Why Your Next Canoe Trip Should Be Solo

Glenn MacGrady

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So says an article in Paddling Magazine.

The extinct ancestor of this site, solotripping.com, inhabited by many of the same dinsosaurs, was dedicated to the joys and challenges of tripping alone.
 
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I totally agree with the article Glenn and almost exclusively travel solo ... except the last few years I have traveled with my dog ... still sort of solo.

Bob.
 
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That's a good article, thanks for posting it Glenn. I'm familiar with the author, he has a huge following on YouTube and we have even shared notes in the past about solo tripping with a wood canvas canoe.
I solo trip for many of the same reasons he mentioned, flexibility of dates, routes, travel times, fish or no fish, easy meals or draw out affairs requiring my assistance with the necessary chores all have been a factor in my desire to travel alone.
Even as I age and my health has had some issues, I still feel capable of taking some easier solo trips. I bought a smaller, lighter, wood canvas canoe, and a wood canvas square stern canoe and plan on buying an "In Reach" device with texting ability for added security.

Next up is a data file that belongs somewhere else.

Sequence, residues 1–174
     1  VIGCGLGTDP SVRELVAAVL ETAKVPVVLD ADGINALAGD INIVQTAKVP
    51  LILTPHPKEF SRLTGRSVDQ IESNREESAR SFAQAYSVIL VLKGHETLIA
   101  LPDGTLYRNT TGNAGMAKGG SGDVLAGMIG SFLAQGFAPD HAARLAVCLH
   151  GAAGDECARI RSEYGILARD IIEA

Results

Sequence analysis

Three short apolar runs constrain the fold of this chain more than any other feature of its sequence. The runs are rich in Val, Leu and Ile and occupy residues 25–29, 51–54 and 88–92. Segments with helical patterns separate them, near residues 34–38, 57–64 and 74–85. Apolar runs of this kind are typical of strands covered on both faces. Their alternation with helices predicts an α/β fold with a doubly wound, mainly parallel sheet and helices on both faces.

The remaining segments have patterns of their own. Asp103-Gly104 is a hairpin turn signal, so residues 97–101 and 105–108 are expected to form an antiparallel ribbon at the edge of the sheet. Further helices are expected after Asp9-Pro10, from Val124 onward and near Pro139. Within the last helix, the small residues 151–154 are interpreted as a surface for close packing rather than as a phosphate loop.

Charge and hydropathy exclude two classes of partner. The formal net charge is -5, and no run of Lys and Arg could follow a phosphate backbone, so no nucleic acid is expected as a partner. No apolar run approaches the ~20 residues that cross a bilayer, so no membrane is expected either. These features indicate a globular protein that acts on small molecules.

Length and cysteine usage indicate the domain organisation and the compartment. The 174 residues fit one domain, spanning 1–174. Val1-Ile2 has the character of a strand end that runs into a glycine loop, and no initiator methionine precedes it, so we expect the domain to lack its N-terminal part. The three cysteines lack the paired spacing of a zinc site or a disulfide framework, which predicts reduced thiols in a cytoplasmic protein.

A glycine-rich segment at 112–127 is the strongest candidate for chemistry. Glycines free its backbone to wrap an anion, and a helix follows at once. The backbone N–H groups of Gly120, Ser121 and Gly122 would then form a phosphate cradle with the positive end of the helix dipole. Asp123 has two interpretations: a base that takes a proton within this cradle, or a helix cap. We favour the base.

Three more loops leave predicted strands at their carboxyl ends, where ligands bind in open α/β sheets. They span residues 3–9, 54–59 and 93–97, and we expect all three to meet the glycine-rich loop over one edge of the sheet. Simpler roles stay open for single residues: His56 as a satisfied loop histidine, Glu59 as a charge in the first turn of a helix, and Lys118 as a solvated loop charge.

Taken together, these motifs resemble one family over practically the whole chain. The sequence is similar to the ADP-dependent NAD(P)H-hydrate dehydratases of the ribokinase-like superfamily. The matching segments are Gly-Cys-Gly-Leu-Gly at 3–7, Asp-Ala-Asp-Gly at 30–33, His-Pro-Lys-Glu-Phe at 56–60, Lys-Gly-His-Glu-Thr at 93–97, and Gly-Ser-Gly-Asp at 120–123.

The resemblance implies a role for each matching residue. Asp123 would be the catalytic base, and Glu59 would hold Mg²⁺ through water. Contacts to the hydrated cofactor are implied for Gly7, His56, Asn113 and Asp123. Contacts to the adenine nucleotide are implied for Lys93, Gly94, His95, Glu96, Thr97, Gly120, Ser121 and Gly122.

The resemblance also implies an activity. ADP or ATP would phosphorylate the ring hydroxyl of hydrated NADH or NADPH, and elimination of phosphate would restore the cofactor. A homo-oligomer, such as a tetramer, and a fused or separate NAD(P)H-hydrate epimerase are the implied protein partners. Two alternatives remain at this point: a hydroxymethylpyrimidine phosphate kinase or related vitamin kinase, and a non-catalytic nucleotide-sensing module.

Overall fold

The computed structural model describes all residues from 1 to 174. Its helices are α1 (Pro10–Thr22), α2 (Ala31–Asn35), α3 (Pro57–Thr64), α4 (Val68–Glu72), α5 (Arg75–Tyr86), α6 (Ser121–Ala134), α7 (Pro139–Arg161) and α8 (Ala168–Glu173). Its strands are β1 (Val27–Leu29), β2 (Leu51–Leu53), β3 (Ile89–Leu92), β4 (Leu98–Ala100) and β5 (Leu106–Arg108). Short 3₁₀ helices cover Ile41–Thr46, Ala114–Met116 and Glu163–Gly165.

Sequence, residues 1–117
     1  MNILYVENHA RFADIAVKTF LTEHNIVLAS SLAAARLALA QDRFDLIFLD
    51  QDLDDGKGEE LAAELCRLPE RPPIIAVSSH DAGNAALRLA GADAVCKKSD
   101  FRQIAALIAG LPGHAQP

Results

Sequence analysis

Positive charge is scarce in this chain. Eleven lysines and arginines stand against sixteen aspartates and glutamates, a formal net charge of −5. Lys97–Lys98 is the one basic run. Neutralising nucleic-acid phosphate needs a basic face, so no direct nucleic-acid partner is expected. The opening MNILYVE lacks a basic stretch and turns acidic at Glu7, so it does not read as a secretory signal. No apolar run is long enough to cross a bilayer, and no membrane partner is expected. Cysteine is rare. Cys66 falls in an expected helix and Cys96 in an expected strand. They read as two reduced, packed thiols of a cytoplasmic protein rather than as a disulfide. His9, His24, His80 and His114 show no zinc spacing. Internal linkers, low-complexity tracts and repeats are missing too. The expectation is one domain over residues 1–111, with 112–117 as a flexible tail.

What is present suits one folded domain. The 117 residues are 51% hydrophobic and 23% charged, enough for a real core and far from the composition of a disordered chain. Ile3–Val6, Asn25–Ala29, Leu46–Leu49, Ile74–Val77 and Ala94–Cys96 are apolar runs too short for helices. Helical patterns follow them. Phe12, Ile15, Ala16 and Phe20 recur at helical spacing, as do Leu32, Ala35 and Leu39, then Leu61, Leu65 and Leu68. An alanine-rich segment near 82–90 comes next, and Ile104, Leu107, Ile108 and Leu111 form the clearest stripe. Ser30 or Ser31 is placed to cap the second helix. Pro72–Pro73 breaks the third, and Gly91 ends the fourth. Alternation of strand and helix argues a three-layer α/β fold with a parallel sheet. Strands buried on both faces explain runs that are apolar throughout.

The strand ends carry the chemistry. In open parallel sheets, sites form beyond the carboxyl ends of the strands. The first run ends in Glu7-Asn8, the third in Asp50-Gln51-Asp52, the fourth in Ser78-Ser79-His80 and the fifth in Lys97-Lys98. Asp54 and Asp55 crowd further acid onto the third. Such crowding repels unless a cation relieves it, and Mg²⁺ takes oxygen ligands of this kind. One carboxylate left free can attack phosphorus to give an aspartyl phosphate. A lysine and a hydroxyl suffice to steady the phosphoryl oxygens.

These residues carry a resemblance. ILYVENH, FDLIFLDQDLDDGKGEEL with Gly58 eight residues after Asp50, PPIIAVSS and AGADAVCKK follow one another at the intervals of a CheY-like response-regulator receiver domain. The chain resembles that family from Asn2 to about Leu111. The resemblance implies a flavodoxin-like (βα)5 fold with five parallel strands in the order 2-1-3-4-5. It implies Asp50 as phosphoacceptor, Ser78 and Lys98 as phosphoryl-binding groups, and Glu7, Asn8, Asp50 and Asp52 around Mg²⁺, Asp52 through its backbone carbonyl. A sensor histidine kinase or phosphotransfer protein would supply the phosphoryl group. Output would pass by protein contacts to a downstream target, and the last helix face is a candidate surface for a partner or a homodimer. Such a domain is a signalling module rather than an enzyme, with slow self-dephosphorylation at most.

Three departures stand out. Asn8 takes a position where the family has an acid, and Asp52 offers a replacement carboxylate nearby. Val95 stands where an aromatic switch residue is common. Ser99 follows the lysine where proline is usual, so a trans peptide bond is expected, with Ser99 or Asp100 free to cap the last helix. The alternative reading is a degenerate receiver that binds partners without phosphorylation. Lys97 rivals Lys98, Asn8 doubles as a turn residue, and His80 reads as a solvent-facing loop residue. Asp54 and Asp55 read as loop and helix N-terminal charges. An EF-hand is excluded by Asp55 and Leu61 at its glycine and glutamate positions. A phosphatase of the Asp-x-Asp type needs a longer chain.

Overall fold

Hopefully, these will assist me when I can get back out there.
 
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Robin -

On the Boundary Waters forum this morning it was mentioned that both Cabela's & REI are having sales on Garmin In-Reach units this weekend. The information says the units will be $100.00 less than usual. Just wanted to share that in case you haven't picked one up yet.

That's all for now. Take care and until next time...be well.

snapper
 
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Kathleen and I prefer to trip by ourselves for the reasons mentioned in the article. We share the same approaches and perspectives regarding tripping. By tripping alone, together, we have built a lifetime of memories, shared adventure, challenges, victories and satisfaction. I would never even consider leaving my paddling partner and lifetime soulmate behind. To exclude Kathleen, would not only diminish the experience for her, but also for me.
 
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Most of my canoe trips have been solos. At first, it was because my work schedule was so demanding that I was frequently forced to alter time-off plans, even at the last minute. I quickly realized the rejuvenating effect of going solo. Not having to talk for days at a time is what I need.